Saturday, September 25, 2010

A Way in the World by VS Naipaul

When I began to write of it, the Trinidad landscape that was present to me was the landscape I had known as a child and felt myself part of... Later, in London, when I was writing a book of history, I studied for many months the historical documents of the region. The documents (the early ones were copies of Spanish originals stored in Seville) took my back to the discovery. They gave me a sense of a crowded aboriginal Indian island, busy about its own affairs, and almost without relation to what I had known. A sense, rather than a vision: little was convincingly described in those early documents, and few concrete details were given. In my mind's eye I created an imaginary landscape for the aboriginal peoples living--on what was to become my own ground--with ideas I couldn't enter, ideas of time, distance, the past, the natural world, human existence. A different weather seemed to attach to this vanished landscape (like the unnatural weather in an illuminated painted panorama in a museum glasscase), a different sky.

Naipaul is the foremost postcolonialist we have still writing, not least because he himself is a thoroughly colonial product. British but born in Trinidad, an island which is perhaps not technically more diverse than the rest of the Western Hemisphere, but which has a diversity enlarged by its smallness: people of African and Indian descent have long shared tight quarters with Arawak natives, and the island itself has been ruled by the English, Spanish, French, and no joke, Latvia.

A Way in the World is Naipaul's attempt to sort through that heritage, to sift through the muddled sands of Caribbean history and discover himself. The narrator is a fictionalized Naipaul, who begins with his childhood and works strangely backward, telling stories of Columbus and Raleigh, and a failed South American revolutionary named Francisco Miranda, each of whom are in some sense, like Naipaul's narrator, frustrated and bewildered by the political and ethnic realities of the Caribbean. He tells us of an unfinished writing project about the three of them, here focusing on Raleigh's last excursion to the New World:

Perhaps a play or a screen play, or a mixture of both--that is how it came to me, an unrealizable impulse, a long time ago: the first set being a view in section of the upper decks of a Jacobean ship, the Destiny. The time, 1618. The setting, a South American river, grey when still, muddy when rippled. It is almost dawn. The sky is silver.

Naipaul wants to keep us at arm's length, to screen Raleigh's story through the false pretense of an unwritten play. Don't forget that I'm here, he tells us, this is not a story about Raleigh but a story about me. This choice causes Naipaul to descend into some truly horrific prose, as if pretending this were just a treatment would permit authorial laziness. Why does Raleigh's ship surgeon insist on recounting Raleigh's own story as if he didn't know it already?:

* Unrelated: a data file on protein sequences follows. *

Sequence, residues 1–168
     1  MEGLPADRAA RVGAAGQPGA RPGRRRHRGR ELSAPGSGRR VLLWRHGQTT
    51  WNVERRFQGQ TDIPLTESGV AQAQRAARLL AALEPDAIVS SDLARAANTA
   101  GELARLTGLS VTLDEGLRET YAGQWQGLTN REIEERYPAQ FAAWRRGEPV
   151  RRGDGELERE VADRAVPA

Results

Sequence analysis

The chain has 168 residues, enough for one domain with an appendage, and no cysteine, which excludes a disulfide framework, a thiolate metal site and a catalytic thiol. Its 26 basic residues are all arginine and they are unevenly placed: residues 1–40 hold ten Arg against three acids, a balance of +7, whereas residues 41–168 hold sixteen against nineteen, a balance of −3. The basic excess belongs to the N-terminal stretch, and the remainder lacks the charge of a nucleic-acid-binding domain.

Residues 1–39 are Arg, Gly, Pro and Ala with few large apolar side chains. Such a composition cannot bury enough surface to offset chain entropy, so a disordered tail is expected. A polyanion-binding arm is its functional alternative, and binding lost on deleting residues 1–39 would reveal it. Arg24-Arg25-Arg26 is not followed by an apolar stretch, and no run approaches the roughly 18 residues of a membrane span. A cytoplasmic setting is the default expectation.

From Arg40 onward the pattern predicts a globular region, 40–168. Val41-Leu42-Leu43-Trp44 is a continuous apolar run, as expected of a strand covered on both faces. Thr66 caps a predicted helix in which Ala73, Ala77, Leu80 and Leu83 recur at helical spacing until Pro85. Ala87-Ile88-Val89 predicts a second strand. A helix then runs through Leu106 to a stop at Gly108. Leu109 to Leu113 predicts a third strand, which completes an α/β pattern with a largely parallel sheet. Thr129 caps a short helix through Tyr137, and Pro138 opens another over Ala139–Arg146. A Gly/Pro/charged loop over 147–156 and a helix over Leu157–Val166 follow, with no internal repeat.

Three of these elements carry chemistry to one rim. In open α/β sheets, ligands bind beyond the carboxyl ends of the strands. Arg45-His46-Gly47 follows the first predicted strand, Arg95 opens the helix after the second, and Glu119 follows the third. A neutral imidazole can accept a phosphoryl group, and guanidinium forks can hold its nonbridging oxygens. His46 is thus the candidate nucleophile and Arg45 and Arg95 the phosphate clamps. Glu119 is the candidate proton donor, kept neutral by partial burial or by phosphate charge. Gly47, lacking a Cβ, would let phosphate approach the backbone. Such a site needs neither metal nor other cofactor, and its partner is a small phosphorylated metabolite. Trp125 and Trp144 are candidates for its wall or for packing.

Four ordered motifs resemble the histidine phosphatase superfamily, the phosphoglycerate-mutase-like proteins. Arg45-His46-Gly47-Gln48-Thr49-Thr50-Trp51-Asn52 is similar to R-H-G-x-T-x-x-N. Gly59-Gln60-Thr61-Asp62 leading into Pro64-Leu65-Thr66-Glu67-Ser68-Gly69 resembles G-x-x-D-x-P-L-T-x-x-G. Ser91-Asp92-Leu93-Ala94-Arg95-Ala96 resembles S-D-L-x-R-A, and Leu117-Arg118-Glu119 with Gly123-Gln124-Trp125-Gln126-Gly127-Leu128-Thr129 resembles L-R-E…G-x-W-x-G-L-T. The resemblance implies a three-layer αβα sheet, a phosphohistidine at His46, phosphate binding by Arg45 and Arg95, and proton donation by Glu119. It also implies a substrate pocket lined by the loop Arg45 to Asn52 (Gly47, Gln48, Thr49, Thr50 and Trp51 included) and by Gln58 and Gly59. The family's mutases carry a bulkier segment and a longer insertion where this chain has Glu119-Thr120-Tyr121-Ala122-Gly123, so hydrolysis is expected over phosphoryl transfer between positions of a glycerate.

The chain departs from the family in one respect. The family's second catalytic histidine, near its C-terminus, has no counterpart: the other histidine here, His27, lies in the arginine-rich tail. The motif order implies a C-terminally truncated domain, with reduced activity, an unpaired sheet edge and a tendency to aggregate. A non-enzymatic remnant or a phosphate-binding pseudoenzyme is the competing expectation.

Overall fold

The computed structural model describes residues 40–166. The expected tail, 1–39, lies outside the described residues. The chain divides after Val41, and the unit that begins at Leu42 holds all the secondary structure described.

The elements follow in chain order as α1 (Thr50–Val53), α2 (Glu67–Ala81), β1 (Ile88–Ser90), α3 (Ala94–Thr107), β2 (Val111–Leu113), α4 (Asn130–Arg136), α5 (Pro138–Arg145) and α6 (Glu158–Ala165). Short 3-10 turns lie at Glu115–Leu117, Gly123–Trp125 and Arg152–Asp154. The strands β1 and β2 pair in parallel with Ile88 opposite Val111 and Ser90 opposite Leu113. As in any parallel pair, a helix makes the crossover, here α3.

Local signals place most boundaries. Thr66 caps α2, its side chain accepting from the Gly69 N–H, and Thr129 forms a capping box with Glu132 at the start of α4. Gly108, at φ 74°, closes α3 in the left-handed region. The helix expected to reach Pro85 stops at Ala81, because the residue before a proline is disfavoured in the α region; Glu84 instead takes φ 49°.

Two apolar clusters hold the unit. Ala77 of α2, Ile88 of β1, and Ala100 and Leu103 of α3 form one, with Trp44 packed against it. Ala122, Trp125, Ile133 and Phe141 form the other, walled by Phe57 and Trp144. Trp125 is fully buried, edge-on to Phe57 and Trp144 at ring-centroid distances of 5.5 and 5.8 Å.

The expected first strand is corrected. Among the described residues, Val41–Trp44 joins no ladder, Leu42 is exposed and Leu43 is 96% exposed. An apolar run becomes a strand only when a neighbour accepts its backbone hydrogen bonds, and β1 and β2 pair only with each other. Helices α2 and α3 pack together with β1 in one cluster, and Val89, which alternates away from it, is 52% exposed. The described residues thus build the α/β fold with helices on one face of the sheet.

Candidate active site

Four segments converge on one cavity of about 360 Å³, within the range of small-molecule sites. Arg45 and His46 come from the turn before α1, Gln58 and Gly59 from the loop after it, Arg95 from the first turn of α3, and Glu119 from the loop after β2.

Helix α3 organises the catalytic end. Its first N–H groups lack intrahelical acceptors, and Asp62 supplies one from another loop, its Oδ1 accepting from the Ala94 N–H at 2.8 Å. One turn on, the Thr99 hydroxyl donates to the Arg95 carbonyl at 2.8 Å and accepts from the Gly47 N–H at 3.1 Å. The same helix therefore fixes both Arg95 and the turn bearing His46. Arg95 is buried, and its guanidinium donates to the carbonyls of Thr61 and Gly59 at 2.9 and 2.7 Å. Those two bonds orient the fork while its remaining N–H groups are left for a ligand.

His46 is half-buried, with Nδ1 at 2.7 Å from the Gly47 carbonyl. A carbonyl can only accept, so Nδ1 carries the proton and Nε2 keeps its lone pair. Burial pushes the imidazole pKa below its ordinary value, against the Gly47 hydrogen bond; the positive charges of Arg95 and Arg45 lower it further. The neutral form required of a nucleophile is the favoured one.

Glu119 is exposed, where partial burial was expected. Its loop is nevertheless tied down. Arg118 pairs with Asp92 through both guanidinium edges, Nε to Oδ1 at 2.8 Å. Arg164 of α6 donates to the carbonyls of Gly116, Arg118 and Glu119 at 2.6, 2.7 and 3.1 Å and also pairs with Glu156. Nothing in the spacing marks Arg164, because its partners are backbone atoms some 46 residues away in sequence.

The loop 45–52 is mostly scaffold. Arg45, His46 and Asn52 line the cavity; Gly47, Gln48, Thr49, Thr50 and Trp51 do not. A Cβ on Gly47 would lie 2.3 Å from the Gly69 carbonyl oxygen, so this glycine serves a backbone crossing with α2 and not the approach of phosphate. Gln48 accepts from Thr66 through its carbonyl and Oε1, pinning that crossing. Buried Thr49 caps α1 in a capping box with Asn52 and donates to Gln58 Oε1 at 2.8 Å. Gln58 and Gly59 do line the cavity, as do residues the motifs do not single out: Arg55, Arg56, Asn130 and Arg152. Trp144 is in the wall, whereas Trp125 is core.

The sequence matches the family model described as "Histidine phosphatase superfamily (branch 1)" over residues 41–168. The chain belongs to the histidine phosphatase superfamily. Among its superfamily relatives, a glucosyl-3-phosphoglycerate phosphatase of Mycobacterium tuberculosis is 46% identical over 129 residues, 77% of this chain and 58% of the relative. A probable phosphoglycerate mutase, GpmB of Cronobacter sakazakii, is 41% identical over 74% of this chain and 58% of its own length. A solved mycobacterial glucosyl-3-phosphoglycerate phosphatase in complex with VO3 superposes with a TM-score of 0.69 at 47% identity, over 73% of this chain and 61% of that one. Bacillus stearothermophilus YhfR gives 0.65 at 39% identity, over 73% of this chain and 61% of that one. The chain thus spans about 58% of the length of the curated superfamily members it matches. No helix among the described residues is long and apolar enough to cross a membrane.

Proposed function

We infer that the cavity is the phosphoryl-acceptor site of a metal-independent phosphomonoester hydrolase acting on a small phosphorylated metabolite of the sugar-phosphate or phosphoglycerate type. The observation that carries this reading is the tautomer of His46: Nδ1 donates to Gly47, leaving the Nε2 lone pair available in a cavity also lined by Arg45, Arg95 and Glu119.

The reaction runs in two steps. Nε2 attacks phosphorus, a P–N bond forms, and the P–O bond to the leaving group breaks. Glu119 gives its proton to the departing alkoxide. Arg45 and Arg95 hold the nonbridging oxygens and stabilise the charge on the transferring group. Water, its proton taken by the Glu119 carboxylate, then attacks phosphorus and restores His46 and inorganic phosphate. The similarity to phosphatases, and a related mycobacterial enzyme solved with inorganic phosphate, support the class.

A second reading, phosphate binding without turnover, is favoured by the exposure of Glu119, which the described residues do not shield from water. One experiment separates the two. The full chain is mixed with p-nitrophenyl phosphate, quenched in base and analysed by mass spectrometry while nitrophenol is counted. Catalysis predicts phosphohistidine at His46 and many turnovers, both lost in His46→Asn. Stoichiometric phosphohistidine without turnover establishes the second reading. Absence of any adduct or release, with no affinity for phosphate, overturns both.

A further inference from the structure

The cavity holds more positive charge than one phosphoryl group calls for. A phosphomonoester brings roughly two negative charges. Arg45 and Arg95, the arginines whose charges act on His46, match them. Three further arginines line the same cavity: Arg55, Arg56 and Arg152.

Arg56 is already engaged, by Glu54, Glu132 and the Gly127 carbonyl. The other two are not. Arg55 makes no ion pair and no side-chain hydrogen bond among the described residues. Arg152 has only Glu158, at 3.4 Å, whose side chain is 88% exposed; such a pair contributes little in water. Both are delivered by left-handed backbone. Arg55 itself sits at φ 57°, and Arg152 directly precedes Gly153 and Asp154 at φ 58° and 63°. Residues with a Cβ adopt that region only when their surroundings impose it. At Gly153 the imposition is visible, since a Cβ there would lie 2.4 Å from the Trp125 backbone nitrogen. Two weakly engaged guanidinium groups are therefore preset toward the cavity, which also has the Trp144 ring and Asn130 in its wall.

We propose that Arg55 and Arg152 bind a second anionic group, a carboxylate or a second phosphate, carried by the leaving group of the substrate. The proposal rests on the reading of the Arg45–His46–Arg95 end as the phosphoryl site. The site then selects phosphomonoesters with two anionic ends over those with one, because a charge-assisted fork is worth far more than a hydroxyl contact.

"When you showed the North African gold, people asked why you hadn't brought more back from this fabled land of El Dorado. Of course you didn't have the money to buy more. But you say in your Advertisement rather sharply that no one has the right to ask you for more. You go on to say that you didn't have the time or the tools or the men when you were on the river of El Dorado."

If Naipaul means to bring to mind the sort of illogical plot-recapping that takes place in bad movies, he succeeds. Elsewhere, this approach treats us to similarly banal sentences like, "We focus again on Don Jose: his confident face, his fine Jacobean tunic. He takes up his narrative again." Yes, I get it: We're all in this together.

A Way in the World reminds me of Joyce, in that the novel recounts the story of its own creation. But Naipaul is telling us obliquely that this book is explicitly not the product he desired, but some sort of meek compromise crafted in the face of failure. Portrait is the proof of its own labor; it insists on its own triumph. A Way in the World insists on its own failure, and necessarily compounds it. It is unflinchingly bland, reticent to tell us that Naipaul's search for identity as a Trinidadian has produce fruit of any kind. With fodder like Raleigh and Miranda, it should have been better, but Naipaul is not comfortable handing his book over to them, perhaps worried that they will consume him. But neither can he give us any convincing account of his own innermost self. He uses dead prose and cheap tricks to keep us strung between the two poles of then and now, not frustrated and bewildered as he seeks to make us, but merely bored.

This is only the second Naipaul book I have read; did he expend all of his creative power in the formation of Mr. Biswas, who outstrips nearly all of his latter-20th-century peers for pathos? The greatest impact of this book is the realization that it is wholly unlike that one, sharing only its setting. It makes me worry that Biswas, who is wonderfully and repeatedly ironic, may present his strangest irony in that he understands more of his origins and more deeply than the author who created him.

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